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Only Half Of Eligible Immigrants In California Apply For ‘Dreamers’ Program

Two years ago, federal authorities started accepting applications for deportation relief for immigrants who came to the U.S. illegally as children. These Dreamers, as they’re commonly known, can get a work permit and permission to stay in the U.S. for two years if they meet the requirements, like attending school or serving in the military. It’s called the Deferred Action for Childhood Arrivals or DACA program. Fronteras reporter Jill Replogle looks at the results of DACA for young San Diegans who have benefitted.

Photo by Frederic J. Brown

Young people stand in line in Los Angeles to apply for the Deferred Action for Childhood Arrivals program, which allows qualified immigrants who entered the U.S. illegally as children to study or work openly.

The five states where the most young immigrants have signed up for a federal deportation relief program are California, Texas, Illinois, New York and Florida. Source: U.S. Citizenship and Immigration Services.

Two years ago on Aug. 15, federal authorities started accepting applications for deportation relief for immigrants who came to the U.S. illegally as children. These "dreamers," as they’re commonly known, can get a work permit and permission to stay in the U.S. for two years if they meet requirements such as attending school or serving in the military.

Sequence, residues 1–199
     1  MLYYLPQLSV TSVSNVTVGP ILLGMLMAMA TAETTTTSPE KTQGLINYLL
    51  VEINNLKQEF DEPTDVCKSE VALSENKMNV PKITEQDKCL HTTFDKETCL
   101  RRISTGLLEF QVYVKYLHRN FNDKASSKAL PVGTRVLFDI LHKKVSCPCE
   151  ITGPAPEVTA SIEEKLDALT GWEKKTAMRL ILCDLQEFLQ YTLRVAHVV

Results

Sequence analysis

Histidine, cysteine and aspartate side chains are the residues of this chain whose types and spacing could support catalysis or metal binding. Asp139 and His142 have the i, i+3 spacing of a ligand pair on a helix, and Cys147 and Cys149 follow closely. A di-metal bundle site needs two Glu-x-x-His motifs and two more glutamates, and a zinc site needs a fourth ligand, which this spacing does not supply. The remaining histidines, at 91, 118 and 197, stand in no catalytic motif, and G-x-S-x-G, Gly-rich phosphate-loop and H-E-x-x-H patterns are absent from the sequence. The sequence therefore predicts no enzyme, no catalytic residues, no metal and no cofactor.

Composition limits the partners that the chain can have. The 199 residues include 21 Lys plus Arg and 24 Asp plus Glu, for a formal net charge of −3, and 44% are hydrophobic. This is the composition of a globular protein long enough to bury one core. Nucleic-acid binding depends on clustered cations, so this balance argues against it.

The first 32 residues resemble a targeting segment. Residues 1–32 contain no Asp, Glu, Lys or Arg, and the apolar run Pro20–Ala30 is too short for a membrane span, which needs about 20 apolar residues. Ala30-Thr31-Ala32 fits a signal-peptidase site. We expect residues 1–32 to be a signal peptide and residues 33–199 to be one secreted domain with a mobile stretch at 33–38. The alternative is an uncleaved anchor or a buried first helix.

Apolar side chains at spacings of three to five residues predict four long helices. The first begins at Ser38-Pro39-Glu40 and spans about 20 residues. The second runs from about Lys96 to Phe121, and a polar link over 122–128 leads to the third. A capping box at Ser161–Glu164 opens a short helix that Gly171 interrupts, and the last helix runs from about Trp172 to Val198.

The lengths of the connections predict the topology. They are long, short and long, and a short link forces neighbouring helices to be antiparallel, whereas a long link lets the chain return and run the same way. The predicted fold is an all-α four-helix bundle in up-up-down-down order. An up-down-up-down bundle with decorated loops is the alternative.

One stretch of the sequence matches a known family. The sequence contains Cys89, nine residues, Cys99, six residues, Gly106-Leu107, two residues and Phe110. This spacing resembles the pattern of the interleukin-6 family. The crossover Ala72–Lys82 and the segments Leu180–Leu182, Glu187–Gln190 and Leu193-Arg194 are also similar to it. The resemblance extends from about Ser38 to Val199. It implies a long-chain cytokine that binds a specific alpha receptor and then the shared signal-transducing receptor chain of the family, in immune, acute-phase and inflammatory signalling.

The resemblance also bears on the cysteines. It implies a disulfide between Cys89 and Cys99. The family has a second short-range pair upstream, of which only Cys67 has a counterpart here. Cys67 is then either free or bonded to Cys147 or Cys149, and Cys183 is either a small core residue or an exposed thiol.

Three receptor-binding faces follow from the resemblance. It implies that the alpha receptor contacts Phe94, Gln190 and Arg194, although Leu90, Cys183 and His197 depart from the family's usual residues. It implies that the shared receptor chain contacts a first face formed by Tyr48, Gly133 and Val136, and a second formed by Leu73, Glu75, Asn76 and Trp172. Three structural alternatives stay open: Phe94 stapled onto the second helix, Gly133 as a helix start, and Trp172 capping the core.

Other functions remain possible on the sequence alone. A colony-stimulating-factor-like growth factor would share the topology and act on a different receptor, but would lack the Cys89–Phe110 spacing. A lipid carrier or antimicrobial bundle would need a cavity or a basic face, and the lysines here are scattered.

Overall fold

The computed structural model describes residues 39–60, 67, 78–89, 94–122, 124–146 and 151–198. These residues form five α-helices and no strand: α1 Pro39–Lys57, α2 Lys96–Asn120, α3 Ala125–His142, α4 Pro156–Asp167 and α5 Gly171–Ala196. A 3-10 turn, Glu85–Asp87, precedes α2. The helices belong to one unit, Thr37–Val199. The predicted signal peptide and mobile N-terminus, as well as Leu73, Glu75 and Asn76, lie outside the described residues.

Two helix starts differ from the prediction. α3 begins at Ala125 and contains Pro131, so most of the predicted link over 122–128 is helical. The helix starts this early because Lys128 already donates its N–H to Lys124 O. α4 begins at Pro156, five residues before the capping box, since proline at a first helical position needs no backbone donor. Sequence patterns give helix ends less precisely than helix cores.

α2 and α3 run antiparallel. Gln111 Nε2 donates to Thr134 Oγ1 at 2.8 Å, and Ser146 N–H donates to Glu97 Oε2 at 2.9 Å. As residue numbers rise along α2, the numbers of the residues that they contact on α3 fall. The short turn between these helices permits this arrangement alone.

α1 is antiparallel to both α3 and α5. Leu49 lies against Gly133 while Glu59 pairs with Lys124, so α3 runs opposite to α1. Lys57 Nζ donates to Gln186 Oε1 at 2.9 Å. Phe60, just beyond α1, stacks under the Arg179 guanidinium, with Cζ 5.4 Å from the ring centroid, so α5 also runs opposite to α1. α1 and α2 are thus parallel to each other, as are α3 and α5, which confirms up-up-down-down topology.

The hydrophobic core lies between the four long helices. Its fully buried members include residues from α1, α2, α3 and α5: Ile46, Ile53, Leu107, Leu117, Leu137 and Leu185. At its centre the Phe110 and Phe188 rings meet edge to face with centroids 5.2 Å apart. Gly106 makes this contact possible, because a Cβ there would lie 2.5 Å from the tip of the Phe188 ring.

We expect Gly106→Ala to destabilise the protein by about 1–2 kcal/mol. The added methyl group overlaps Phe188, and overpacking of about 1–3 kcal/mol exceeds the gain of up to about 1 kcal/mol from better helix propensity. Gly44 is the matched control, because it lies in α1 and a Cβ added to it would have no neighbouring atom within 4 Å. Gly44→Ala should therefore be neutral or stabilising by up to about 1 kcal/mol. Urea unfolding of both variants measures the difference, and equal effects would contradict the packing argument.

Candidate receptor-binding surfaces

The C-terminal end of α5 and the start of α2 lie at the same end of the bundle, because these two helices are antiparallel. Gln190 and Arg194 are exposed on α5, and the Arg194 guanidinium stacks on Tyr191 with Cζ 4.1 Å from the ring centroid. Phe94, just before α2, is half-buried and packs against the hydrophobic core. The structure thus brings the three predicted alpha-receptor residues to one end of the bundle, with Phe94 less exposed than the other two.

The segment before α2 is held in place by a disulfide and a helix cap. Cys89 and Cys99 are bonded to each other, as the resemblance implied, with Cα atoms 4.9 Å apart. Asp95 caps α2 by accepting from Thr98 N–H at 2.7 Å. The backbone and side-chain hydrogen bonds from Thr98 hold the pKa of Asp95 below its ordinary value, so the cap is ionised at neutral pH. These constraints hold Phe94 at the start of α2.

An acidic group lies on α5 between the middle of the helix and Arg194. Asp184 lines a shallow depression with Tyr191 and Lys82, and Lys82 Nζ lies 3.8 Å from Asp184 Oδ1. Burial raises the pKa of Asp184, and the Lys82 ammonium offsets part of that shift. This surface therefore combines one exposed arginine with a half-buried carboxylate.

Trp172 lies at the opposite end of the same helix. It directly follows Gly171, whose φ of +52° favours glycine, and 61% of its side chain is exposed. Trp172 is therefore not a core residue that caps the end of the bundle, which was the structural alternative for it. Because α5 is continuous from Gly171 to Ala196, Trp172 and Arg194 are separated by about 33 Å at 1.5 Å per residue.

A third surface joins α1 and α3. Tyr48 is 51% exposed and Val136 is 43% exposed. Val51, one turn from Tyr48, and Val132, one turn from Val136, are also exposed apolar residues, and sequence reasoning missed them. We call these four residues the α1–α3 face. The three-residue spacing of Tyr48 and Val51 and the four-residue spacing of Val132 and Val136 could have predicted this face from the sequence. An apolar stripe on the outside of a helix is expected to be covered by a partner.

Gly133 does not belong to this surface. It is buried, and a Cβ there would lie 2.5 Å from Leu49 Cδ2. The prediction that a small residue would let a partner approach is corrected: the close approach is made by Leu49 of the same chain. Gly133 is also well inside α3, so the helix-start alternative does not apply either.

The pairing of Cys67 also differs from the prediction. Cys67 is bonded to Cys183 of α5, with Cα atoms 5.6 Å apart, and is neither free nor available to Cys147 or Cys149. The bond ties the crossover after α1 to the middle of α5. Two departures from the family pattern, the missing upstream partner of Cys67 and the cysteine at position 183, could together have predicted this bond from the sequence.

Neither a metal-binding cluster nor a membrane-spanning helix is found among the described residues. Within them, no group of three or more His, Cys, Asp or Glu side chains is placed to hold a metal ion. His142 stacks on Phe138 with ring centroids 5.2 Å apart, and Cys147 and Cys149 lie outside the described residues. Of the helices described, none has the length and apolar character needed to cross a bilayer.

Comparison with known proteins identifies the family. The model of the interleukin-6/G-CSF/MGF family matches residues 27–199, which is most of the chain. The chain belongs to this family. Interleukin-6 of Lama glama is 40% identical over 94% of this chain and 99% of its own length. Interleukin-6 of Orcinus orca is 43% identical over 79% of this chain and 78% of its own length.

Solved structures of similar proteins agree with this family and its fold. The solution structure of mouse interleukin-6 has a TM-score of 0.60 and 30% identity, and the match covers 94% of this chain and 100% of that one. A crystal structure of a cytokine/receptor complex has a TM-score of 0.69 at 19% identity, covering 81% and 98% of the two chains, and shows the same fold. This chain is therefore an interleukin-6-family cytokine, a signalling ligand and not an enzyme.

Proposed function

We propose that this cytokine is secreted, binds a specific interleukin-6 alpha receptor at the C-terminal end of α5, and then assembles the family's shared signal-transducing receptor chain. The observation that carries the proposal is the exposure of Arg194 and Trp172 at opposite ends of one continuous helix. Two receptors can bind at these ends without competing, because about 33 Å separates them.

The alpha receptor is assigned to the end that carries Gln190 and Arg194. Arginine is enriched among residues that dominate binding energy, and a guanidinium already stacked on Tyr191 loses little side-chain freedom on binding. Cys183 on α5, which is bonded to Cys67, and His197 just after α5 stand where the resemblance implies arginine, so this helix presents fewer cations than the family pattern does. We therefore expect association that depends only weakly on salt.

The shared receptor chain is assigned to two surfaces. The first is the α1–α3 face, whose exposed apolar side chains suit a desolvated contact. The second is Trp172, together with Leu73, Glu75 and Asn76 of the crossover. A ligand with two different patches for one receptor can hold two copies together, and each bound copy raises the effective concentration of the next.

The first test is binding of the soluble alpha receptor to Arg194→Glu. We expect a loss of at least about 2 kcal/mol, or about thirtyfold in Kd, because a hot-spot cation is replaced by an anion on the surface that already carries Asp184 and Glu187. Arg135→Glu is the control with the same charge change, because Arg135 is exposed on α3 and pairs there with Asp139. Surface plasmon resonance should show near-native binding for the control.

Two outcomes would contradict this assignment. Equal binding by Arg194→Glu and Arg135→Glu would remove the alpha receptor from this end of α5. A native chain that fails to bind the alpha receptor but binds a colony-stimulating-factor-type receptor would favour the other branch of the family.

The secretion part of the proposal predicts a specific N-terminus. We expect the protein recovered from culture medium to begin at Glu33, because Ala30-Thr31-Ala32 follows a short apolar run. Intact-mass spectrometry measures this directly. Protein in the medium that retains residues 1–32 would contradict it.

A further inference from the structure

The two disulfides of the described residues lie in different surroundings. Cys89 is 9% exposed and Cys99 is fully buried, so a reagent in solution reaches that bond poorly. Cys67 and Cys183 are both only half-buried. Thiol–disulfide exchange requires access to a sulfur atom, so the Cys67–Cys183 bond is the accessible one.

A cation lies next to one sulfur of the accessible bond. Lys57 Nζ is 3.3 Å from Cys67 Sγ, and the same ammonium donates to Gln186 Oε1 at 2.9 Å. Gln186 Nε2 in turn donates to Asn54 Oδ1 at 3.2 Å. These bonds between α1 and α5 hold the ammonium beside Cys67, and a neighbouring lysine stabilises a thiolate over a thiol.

Hundreds of young immigrants living in San Diego have signed up for the Deferred Action for Childhood Arrivals, or DACA, program.

Viviana Gonzalez lived in fear of being deported and separated from her family until she got her papers last year. She said the work permit that goes along with it has been the best change.

“Finding a job is so much easier,” Gonzalez said, “which affects everything, from being able to have disposable income, to go to school, and to invest it, and to do the savings that you’ve never been able to do before.”

More than 180,000 young Californians have applied under the program, according to U.S. Citizenship and Immigration Services. That’s the highest number of any state.

Still, only about half of the young immigrants living in California who qualify have applied, according to the Migration Policy Institute.

“There’s a lot of people that still have not signed up for DACA because of financial issues,” said Alondra Garcia, lead San Diego organizer for the Own the Dream campaign. It helps educate potential DACA recipients about the program.

Garcia’s group provides scholarships to young people who can’t afford the $465 application fee.

The U.S. House of Representatives voted last month to end the program, although that bill is unlikely to become law. In the meantime, the Obama administration is studying the possibility of expanding deportation relief to other immigrants in the U.S. illegally.

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